Another issue came to light in a survey by CERT of business leaders who had some knowledge of the TIEA initiative, CERT found that 90 per cent of respondents felt that emphasis on tariff barriers was not the big issue and much more the need to eradicate non-tariff barriers.

Canada's federal system meant that Ottawa had to liaise and seek the cooperation of the provincial and territorial governments, whilst the EU Commission had to do likewise with those of the member states – a task not to be underestimated given the multiple objectives, complexity of issues , and trade relation priorities. At this time, British Columbia as an example, concentrated on Far East trade and was prospering whilst Newfoundland was facing recession (or worse) due to the manmade ecological disaster of the collapse of the Grand Banks Cod Fishery.

Last though not least, Canada's economy being closely integrated with that of the United States, required both parties to harmonise their bilateral proposed legislation with what already existed and continued to arise in Canadian-US codes and practices.

A real world example of this was brought up by the Toronto Star as the new CETA agreement was supposed to be in the final lap, in an April 2014 piece, asking: "...whether Canadian-exported cars with a mix of Canadian and United States parts are eligible for tariff reductions under CETA?"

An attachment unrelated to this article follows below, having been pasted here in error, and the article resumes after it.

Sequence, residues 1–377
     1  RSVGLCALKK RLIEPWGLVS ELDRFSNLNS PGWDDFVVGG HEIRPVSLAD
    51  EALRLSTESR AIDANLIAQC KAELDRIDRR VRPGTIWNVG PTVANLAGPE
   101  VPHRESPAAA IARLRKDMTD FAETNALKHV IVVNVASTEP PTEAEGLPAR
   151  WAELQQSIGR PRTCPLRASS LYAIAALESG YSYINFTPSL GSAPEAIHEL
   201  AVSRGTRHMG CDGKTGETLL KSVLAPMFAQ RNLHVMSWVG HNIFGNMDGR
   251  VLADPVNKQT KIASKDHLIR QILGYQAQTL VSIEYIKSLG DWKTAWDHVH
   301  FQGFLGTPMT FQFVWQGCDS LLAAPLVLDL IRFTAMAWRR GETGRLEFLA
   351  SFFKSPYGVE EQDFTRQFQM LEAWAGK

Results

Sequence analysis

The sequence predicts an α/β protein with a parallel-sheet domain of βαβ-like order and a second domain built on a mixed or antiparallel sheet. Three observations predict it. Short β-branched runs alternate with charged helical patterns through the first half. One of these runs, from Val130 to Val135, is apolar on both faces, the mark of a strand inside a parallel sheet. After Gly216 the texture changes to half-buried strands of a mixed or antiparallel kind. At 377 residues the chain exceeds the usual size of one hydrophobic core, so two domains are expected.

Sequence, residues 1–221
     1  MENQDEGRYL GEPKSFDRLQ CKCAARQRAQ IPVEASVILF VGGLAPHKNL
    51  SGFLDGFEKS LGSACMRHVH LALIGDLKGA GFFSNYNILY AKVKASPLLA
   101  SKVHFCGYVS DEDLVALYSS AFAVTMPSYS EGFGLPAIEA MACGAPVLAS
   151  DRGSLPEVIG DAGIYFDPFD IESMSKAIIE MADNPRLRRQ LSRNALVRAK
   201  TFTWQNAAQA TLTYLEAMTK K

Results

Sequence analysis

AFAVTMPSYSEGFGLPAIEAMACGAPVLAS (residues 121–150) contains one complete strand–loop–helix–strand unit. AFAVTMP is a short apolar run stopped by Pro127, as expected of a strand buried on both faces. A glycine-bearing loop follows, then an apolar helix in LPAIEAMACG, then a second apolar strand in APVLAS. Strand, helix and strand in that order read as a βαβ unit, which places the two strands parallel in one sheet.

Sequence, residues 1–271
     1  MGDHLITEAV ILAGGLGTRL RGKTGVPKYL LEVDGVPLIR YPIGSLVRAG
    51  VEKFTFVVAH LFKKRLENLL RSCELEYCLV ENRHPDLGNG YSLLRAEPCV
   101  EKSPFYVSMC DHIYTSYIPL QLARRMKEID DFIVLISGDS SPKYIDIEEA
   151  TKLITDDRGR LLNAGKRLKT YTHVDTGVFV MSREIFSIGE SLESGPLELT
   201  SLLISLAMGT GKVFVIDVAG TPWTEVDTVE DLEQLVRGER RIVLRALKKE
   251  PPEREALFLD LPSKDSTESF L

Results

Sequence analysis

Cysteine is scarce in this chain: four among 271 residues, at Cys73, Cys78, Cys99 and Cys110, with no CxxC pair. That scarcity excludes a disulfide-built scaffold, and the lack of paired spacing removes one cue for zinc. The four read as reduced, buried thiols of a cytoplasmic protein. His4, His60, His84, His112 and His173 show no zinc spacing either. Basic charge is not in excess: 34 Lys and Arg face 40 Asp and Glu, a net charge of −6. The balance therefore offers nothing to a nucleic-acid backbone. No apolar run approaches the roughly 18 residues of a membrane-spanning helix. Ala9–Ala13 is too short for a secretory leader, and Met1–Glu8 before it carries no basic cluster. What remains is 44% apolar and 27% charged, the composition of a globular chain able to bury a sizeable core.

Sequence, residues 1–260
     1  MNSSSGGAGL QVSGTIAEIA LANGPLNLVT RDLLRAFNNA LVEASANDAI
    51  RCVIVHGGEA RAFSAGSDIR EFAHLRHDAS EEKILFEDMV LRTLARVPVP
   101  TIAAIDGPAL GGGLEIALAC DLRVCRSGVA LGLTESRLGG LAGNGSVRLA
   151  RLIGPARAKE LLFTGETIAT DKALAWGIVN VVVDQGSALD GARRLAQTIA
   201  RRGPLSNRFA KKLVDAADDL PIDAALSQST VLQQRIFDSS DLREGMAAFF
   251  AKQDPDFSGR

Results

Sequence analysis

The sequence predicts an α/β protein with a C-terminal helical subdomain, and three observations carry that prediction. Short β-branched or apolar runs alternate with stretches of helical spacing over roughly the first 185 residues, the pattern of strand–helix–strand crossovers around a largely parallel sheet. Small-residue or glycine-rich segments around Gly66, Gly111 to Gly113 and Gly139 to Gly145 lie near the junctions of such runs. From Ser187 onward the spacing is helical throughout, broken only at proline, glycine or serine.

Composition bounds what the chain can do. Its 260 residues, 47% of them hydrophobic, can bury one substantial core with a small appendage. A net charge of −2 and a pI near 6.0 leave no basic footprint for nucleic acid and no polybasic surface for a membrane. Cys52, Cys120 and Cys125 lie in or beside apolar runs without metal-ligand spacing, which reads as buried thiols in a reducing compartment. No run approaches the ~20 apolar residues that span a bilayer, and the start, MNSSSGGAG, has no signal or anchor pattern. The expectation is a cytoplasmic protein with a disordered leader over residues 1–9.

After late 2006, TIEA was allowed to wither on the vine. There had been bilateral agreements between the EU and Canada both before, during and since the TIEA negotiations – Customs Cooperation (1997), Veterinary Agreement (1999), Wine and Spirits (2003), Civil Aviation Safety (2009), to name a few, but nothing of such scope.

Both sides however, started "initial" talks on joint studies at a Berlin Summit in June 2007, which by October 2011 had lasted nine rounds and in 2012, both sides agreed these talks be given "priority" status! September 2014 saw "the leaders release the completed text of the (CETA) Agreement" and February this year, the legal review of the text.

The Government of Canada's latest forecast is that CETA will bring a 20 per cent boost to bilateral trade with the EU and an increase of C$12 billion in the country's GDP. Although the Agreement is far more ranging that trade, the website gives it pride of place:

"Did you know?

Of the EU's more than 9,000 tariff lines, approximately 98 per cent will be duty free on the very first day the Canada – EU agreement comes into force. By comparison, only 29 per cent of tariff lines were duty-free on the first day that NAFTA took effect."

Looks like Canada is all set to go! There's widespread approval and Prime Minister Justin Trudeau heads a big Liberal majority and would be able to come to Brussels after the European Council meets on 20 -21 October to sign on the dotted line.

Great! At long last!

Well, maybe not. Apparently, at least six countries in the EU have issues with parts of the Agreement and might delay, if not block ratification. Britain, after Article 50 is triggered, be warned.

I suppose there's always another year.